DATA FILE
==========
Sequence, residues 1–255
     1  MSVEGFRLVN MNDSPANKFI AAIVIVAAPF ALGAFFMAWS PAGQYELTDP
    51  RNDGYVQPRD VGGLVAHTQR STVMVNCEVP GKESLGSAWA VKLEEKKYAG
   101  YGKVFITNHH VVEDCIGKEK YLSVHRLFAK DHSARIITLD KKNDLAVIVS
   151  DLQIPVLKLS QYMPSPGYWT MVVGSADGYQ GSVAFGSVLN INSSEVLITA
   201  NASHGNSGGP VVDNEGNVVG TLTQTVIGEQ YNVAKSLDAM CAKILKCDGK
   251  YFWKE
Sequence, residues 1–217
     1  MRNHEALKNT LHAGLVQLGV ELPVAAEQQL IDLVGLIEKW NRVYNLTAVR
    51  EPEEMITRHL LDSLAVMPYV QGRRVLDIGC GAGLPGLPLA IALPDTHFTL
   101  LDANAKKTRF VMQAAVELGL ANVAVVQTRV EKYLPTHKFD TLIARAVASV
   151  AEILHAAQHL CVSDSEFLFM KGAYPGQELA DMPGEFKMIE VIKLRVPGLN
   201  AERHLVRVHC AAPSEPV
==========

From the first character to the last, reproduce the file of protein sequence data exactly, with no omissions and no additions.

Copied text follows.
Sequence, residues 1–255
     1  MSVEGFRLVN MNDSPANKFI AAIVIVAAPF ALGAFFMAWS PAGQYELTDP
    51  RNDGYVQPRD VGGLVAHTQR STVMVNCEVP GKESLGSAWA VKLEEKKYAG
   101  YGKVFITNHH VVEDCIGKEK YLSVHRLFAK DHSARIITLD KKNDLAVIVS
   151  DLQIPVLKLS QYMPSPGYWT MVVGSADGYQ GSVAFGSVLN INSSEVLITA
   201  NASHGNSGGP VVDNEGNVVG TLTQTVIGEQ YNVAKSLDAM CAKILKCDGK
   251  YFWKE
Sequence, residues 1–217
     1  MRNHEALKNT LHAGLVQLGV ELPVAAEQQL IDLVGLIEKW NRVYNLTAVR
    51  EPEEMITRHL LDSLAVMPYV QGRRVLDIGC GAGLPGLPLA IALPDTHFTL
   101  LDANAKKTRF VMQAAVELGL ANVAVVQTRV EKYLPTHKFD TLIARAVASV
   151  AEILHAAQHL CVSDSEFLFM KGAYPGQELA DMPGEFKMIE VIKLRVPGLN
   201  AERHLVRVHC AAPSEPV